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Santa Clara Supes Approve $76M In ‘Hero Pay’ Bonus Checks To Practically All County Staff – CBS San Francisco

SAN JOSE (BCN) – The Santa Clara County Board of Supervisors has approved the American Rescue Plan Act stimulus fund allocation to provide up to $ 2,500 in bonuses to county employees for their work during the pandemic.

In Tuesday’s vote, approximately $ 76 million from the county’s first tranche of the $ 187 million ARPA funding will be used to make one-time payments to nearly all of the county’s 22,000 employees through December 3 of this year Afford.

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The county is expected to receive its second tranche of $ 187 million in ARPA funding in May 2022.

The only district employees excluded from receiving the rewards the district calls Hero Pay are the five district managers and the district executive Jeff Smith.

That means senior positions like the sheriff, district attorney, and county assessor – who each earned between $ 330,000 and $ 460,000 in total compensation for fiscal 2019 – also receive a bonus of $ 2,500.

This is an idea that apparently made Supervisor Otto Lee uncomfortable and could explain his decision to abstain. Had he voted for it, the Hero Pay would have been unanimously approved by the Board of Directors.

“I have concerns about how this came about … I don’t want to vote for a $ 2,500 bonus for myself as an elected officer,” Lee said. “I think for so many reasons the amount that has been allocated here seems very generous, but in some ways it is too generous.”

After Lee raised reservations, Supervisor Cindy Chavez made a change to exclude the five district managers from the bonus payment – a move that was supported by all district managers.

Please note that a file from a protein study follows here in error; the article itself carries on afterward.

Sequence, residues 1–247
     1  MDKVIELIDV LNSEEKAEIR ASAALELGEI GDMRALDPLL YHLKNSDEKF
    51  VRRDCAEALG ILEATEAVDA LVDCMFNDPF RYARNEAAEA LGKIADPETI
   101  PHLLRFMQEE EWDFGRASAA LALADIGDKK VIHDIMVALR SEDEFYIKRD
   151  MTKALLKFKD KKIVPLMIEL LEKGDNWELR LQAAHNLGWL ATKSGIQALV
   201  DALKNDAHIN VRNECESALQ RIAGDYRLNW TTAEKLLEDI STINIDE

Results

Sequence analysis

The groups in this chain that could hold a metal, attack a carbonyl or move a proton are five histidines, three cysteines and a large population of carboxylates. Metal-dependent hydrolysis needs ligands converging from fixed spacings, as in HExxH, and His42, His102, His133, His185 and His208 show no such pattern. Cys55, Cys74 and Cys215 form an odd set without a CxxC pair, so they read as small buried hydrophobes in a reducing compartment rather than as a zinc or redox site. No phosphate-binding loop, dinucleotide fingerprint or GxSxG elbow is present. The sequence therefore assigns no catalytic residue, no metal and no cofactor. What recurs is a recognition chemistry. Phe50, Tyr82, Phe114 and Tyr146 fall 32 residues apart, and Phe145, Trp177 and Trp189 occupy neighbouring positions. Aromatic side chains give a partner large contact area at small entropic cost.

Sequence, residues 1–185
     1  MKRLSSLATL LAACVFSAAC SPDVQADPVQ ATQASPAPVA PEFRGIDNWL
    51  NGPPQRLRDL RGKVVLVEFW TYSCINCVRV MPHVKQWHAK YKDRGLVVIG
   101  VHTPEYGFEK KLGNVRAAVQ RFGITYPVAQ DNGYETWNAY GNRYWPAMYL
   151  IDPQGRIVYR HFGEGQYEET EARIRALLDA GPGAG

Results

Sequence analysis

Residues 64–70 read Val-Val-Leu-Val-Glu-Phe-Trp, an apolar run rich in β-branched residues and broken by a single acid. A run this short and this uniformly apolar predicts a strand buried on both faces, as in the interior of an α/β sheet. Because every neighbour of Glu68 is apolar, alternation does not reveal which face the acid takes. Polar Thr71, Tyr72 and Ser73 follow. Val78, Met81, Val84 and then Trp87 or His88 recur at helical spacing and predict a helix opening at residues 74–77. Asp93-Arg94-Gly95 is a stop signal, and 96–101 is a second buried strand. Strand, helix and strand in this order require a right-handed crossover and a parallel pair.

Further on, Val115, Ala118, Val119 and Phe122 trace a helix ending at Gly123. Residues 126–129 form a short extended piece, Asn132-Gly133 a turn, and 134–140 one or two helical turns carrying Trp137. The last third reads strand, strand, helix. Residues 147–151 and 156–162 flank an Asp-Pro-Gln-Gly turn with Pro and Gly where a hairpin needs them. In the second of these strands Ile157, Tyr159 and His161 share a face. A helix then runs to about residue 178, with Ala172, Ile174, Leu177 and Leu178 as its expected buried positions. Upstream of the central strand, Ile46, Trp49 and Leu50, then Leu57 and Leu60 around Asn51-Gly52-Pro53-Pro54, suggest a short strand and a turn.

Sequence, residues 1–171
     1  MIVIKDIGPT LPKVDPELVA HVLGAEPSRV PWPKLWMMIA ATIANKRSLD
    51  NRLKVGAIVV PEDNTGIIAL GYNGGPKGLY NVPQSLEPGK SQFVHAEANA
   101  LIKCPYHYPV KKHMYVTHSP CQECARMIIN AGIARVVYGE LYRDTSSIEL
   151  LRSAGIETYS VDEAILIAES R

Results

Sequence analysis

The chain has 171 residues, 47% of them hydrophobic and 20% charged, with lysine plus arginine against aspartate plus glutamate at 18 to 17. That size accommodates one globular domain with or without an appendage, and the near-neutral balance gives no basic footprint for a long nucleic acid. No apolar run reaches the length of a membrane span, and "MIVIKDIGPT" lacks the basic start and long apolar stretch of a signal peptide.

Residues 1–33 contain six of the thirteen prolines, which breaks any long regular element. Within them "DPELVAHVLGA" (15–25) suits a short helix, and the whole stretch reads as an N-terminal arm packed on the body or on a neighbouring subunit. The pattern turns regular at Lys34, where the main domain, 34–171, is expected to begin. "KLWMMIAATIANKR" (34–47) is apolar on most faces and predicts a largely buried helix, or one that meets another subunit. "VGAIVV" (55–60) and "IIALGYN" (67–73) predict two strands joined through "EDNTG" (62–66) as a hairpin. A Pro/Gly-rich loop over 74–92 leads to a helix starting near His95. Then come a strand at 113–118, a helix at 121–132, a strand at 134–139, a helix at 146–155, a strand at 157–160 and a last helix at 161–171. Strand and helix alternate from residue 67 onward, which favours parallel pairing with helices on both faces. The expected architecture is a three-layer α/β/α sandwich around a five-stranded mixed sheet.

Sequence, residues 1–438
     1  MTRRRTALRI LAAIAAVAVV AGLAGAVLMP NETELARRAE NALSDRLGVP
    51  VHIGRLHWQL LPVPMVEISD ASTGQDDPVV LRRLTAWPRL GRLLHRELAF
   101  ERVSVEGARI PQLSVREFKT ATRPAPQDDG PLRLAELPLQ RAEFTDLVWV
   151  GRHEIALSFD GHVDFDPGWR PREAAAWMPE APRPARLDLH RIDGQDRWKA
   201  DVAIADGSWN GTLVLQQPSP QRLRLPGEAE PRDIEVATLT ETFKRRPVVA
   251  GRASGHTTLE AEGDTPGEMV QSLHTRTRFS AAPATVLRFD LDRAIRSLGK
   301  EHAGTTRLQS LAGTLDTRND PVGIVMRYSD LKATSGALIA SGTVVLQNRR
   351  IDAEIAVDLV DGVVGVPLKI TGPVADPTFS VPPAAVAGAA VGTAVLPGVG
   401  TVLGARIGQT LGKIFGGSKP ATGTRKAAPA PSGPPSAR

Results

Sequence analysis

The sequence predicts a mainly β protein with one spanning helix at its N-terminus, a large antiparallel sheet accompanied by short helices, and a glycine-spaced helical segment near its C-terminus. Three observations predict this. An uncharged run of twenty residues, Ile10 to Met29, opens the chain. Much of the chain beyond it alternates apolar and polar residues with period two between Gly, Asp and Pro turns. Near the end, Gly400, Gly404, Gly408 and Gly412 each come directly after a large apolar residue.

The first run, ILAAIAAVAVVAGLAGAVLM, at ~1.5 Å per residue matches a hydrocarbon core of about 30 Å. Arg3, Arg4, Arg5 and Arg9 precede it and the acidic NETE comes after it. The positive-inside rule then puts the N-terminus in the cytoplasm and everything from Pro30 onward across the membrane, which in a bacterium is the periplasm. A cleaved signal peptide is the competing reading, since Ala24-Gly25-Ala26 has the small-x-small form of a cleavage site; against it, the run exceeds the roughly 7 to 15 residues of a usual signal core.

Lee also urged employees to create a way for county employees to opt out of Hero Pay for those who are uncomfortable or who don’t need the $ 2,500.

CEO Mike Wassermann attempted to extend Hero Pay to Smith due to his “Herculean” efforts during the pandemic, but Smith graciously refused to accept it.

As of this writing, full-time workers and county part-timers will receive a prorated amount based on the full-time equivalent status of the part-timers and the additional hours worked by the employee.

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Independent In-Home Supportive Services providers receive a $ 500 bonus from the county to match the additional $ 500 they receive from the state.

Ellenberg found that $ 2,500 is double what other similarly populated counties give in Hero Pay.

Smith said the reason for the amount was because he believed it was what superiors wanted, and joked that the board was “twice as progressive”.

“We had a strong feeling that everyone in the county was indeed as vigorous as possible in responding to the pandemic,” said Smith. “So administratively, we didn’t feel that we could take on a group or a particular job or activity, and that made more money than any other.”

Smith also pointed out that ARPA funding calls for some to be used for Hero Pay, so providing these bonuses is in line with the federal government’s idea of ​​using those dollars.

“We’re just pursuing the intent of the bill,” said Smith.

The district also decides on the granting of bonuses for the approximately 3,000 “additional workers” who did not have a regular schedule and instead supported the district’s efforts at times.

Additional assistants, often referred to as shift workers, can be found in “pretty much any department that does a variety of things,” including nurses, clerks, secretaries, and social workers, Smith said.

“We still have a formula to work out,” continued the district executive. “We couldn’t agree on what we would agree on.”

Smith said the county will have to consult with several unions to ensure everyone is on board with Hero Pay before the money is distributed in December.

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